Some banks charge extended overdraft fees (sometimes called “continuous” or “sustained” fees), anywhere from $6 to $38.50, possibly on a daily basis, if your account doesn’t go back into positive territory within a few days.
It’s no wonder that Americans pay billions of dollars in overdraft fees each year.
Ways to Avoid Overdraft Fees
These strategies can keep overdraft fees from accumulating—or ever being charged in the first place.
Keeping an Eye on Your Balances
It’s a good idea to make a habit of checking your accounts weekly or even more frequently to make sure your balances aren’t too low.
This can be done quickly online, via mobile app, when you take money out of the ATM, and/or by calling the bank and getting an automated update on your account.
Maintaining a Cushion
One simple way to avoid overdraft fees is to keep a little more in your account than you typically spend each month in order to cover unexpected or forgotten charges.
Setting up Automatic Alerts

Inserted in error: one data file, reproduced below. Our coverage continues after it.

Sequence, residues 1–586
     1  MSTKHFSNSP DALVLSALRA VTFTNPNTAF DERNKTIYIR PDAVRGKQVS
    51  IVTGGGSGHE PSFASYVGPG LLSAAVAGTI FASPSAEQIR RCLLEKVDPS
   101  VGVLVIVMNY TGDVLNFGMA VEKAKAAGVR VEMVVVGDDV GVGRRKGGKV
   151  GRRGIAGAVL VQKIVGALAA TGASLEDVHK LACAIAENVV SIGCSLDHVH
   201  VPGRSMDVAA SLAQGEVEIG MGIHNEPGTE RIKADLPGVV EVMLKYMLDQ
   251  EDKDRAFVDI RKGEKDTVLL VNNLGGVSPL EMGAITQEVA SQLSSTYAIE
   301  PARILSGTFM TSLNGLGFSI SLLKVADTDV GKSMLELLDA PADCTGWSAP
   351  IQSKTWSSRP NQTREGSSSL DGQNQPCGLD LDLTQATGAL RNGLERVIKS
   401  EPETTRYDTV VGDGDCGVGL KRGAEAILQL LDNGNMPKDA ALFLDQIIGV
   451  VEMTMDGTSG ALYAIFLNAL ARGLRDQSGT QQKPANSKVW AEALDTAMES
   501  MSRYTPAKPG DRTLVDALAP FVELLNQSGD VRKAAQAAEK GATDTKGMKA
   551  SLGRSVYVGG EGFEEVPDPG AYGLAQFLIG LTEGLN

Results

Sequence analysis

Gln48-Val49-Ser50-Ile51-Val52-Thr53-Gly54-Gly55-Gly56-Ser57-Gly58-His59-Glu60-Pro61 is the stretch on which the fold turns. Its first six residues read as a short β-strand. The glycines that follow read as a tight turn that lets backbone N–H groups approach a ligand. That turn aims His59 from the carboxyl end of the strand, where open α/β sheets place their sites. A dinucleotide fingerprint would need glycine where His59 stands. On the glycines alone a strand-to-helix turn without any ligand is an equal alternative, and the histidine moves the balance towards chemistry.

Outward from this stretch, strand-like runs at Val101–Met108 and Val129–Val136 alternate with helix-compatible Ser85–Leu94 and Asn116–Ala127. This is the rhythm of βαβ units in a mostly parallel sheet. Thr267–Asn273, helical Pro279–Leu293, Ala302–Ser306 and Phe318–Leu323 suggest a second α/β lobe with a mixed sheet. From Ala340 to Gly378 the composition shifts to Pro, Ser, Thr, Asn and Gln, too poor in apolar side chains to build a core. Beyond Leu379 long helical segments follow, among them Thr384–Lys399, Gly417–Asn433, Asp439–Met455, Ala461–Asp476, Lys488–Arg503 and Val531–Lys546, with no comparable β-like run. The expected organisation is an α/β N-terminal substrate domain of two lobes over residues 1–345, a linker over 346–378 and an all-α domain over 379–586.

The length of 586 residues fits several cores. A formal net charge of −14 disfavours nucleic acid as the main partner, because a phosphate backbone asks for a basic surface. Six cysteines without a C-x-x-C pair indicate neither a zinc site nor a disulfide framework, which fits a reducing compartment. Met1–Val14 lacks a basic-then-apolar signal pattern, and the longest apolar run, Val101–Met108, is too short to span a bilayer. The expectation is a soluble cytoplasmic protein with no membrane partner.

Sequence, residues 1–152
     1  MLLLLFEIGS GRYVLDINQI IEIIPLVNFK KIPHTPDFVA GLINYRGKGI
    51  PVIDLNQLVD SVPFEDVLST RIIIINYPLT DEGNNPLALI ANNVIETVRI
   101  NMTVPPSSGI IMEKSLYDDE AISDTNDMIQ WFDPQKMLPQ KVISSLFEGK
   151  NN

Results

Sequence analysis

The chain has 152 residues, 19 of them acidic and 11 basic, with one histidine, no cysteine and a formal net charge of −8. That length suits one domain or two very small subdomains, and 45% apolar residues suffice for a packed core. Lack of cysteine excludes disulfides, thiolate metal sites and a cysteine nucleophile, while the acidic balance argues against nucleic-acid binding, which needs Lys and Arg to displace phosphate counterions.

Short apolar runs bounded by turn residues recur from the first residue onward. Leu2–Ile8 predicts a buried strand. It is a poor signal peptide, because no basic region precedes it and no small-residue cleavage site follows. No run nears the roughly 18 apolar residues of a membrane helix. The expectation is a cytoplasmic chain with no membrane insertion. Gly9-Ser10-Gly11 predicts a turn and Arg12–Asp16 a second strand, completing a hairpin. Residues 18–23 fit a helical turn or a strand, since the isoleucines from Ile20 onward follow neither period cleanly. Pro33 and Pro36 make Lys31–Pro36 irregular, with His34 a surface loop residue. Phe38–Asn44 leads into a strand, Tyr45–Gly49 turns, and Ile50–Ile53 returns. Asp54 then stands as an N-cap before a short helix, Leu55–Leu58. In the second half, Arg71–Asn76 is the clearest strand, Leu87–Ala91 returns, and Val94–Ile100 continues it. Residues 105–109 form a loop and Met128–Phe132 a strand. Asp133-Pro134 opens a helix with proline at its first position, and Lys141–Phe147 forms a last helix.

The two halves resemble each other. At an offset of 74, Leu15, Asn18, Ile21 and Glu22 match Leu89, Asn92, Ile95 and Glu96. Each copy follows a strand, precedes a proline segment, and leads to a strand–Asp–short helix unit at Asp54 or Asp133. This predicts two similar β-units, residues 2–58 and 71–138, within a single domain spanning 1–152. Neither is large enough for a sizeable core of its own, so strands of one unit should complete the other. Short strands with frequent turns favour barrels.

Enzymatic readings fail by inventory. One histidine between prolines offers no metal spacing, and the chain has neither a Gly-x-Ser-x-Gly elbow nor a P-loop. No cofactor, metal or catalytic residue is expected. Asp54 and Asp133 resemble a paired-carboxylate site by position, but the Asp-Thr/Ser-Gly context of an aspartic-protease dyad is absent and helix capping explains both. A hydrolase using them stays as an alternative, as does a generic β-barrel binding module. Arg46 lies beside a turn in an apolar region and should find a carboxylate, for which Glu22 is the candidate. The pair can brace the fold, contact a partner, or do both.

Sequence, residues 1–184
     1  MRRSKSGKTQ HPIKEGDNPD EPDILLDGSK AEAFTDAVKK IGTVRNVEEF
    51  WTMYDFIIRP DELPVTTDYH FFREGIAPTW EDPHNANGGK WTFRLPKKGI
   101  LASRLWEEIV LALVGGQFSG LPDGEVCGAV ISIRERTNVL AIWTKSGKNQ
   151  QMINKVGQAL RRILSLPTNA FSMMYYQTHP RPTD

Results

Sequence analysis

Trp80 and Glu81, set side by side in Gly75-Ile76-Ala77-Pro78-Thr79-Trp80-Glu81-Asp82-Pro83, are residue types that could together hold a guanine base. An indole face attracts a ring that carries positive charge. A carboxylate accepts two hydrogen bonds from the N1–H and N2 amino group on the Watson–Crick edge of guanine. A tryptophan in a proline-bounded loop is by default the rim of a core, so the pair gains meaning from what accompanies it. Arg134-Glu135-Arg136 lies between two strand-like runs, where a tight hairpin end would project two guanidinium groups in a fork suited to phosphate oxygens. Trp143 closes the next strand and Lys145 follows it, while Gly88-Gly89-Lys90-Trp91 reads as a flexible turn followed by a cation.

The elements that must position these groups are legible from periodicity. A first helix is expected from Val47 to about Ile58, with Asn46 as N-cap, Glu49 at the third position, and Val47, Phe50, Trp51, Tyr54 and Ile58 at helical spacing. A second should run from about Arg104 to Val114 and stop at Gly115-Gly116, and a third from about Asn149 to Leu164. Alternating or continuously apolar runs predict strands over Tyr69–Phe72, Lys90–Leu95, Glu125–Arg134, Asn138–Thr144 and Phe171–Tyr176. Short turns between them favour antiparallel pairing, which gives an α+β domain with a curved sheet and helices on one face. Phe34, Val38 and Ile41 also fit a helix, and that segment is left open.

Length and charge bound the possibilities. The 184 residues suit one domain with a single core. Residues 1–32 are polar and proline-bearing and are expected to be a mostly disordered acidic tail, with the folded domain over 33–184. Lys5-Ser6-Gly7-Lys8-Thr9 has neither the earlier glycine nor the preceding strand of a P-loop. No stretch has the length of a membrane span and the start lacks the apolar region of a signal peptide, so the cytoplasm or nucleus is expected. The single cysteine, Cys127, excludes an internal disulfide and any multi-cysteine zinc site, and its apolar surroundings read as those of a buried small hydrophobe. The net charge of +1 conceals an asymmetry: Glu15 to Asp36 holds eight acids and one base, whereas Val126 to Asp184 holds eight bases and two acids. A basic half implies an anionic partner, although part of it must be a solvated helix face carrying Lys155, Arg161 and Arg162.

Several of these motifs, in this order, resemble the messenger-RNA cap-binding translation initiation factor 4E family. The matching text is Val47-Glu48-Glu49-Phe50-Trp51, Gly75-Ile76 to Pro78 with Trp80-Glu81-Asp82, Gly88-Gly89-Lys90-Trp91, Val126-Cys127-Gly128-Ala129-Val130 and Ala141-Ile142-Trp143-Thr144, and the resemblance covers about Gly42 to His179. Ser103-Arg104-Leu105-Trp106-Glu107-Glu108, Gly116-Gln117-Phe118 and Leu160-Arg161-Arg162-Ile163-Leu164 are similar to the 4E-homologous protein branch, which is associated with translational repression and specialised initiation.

An easy way to help avoid unexpected overdrafts–and high overdraft fees–is to set up some automatic alerts.
One that is particularly helpful is a low balance alert, which means you will be notified (by text, email or cell phone notification) whenever your balance falls below a certain amount.
You could then immediately transfer money from savings, or hold off on making any purchases until another paycheck comes in.
Another useful alert you may be able to set up is the “overdraft” alert. This means you would be notified whenever you overdraft your account.
This alert won’t help you avoid the initial overdraft fee, but it could stop you from continuing to make payments and incurring more overdraft fees.
Opting Out of Overdraft Coverage
It is possible to prevent your bank from using the automatic overdraft. You just need to opt out of overdraft coverage.